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Page:Popular Science Monthly Volume 38.djvu/238

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THE POPULAR SCIENCE MONTHLY.

dandy. He owned, among other fine clothes, two very "swell" frocks, one made wholly of ermine-skins put together in stripes of brown summer skins and white winter skins alternately, with the tails and feet dangling, and another of blue and white fox-skins put together in alternate stripes.

The every-day frock has very little trimming except a fringe of wolverine fur around the wrist, and a strip of long-haired wolf-skin round the edge of the hood, so that, when the hood is drawn up over the head, the long hair stands out all round the face like a halo. This is not merely an ornament, but also serves to protect the face against the wind. Working frocks are often without even this frill. Full-dress jackets are often very prettily trimmed with edging made of alternate strips of light and dark skins, fringed with wolverine fur, and often ornamented with little knots of red worsted.

The breeches are usually made of heavier deer-skin than the frock, so that only one pair is more often worn than a single frock, and then with the hair inside. Full-dress breeches are tastefully trimmed with edging like the jacket. The boots and the women's pantaloons, as I have said, are generally made of the skin of the deer's legs, and it is the fashion to have the white patch from the inside of the deer's leg always on the outside of the ankle. A specially fashionable style of boot has the leg made of alternate stripes of white and brown skin, with a very pretty effect. Women's pantaloons also are often made this way below the knee.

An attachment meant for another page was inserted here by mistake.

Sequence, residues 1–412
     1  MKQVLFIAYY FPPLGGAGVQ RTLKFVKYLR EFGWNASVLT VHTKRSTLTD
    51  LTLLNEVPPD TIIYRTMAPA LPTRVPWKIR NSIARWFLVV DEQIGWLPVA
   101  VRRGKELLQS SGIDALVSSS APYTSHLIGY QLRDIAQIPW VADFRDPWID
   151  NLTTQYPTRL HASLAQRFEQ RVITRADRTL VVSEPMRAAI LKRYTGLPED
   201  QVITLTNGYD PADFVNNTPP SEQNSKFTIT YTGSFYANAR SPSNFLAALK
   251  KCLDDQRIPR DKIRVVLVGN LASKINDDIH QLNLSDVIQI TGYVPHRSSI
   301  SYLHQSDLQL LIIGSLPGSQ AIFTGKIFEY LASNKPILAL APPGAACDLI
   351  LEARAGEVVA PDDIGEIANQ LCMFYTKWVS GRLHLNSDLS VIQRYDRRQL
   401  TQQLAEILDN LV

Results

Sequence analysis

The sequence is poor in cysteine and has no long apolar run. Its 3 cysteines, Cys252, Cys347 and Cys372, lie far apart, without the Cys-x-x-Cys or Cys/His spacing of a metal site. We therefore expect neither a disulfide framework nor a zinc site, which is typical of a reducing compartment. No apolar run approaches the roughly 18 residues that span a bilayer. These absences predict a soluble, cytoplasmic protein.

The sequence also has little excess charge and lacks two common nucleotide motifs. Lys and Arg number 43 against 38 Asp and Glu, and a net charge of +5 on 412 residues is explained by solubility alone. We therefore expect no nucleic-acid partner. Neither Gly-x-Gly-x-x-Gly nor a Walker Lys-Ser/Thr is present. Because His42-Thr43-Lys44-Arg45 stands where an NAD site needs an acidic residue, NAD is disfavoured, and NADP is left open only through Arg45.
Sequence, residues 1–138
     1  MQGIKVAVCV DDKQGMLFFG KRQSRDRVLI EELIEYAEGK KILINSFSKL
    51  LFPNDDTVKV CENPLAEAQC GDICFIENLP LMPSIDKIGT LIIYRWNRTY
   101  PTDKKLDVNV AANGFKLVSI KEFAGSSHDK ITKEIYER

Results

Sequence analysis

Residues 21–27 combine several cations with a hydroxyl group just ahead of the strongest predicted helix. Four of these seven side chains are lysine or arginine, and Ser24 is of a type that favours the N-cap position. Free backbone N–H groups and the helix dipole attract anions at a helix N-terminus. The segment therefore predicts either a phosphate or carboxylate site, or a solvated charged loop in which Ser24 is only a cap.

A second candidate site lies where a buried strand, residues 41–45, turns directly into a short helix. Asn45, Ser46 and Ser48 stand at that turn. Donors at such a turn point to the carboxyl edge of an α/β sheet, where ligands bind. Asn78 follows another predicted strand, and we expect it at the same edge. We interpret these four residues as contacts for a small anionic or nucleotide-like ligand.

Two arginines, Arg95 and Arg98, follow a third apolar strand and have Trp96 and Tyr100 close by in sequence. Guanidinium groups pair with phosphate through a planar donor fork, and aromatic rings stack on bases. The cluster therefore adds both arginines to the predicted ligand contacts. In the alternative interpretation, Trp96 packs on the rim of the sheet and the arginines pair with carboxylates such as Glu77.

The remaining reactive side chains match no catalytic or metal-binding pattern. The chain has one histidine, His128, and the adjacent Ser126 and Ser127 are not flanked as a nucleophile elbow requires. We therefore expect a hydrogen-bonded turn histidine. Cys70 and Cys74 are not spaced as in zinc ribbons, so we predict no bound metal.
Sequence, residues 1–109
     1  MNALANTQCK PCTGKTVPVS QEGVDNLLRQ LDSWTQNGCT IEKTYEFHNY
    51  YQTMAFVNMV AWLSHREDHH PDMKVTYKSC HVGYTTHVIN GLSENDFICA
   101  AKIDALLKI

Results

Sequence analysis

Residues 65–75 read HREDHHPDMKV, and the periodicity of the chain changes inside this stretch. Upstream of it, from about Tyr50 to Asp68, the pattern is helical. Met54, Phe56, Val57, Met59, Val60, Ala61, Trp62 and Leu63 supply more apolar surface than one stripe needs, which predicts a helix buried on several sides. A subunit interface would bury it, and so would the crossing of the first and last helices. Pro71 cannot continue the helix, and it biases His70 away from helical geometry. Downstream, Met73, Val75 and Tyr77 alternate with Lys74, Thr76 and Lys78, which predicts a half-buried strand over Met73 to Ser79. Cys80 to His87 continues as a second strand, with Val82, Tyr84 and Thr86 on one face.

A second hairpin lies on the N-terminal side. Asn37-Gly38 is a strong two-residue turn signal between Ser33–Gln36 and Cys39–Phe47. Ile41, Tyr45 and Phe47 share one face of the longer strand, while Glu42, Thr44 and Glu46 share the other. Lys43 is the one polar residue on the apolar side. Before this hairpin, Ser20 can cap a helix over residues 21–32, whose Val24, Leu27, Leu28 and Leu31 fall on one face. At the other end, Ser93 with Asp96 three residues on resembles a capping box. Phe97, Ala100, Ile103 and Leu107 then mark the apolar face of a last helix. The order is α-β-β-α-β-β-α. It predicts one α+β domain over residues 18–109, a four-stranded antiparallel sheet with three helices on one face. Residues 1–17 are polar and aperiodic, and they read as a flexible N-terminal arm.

Eskimo dandies, instead of having their boots kept up by the draw-strings of their breeches, have the tops finished off with a fancy edging, and kept up by draw-strings of their own. To keep the moccasin-like sole of the boot from getting out of shape and running over on one side, there is a pair of strings fastened to the edge of the sole near the heel, crossed over the instep, and tied round the ankle.

There are several kinds of material used for making boot-soles, and each is supposed to be specially suited for some particular purpose. For walking on dry snow, the best boot-soles are made of sealskin which has been rolled up and allowed to "heat" and ferment a little before drying, so that the epidermis can be scraped off with the hair. This looks like cream-colored morocco and will not stand the least wetting. For walking on the rough sea-ice they prefer to have soles made of sealskin dressed with the hair on, and worn with the flesh-side out; but for their water-proof boots they use the thicker skin of the great bearded seal, or, if they can get it, of the white whale, dressed with oil. Sometimes the skin of the polar bear is made into water-proof soles. The white whale skin is the best material. It makes a translucent,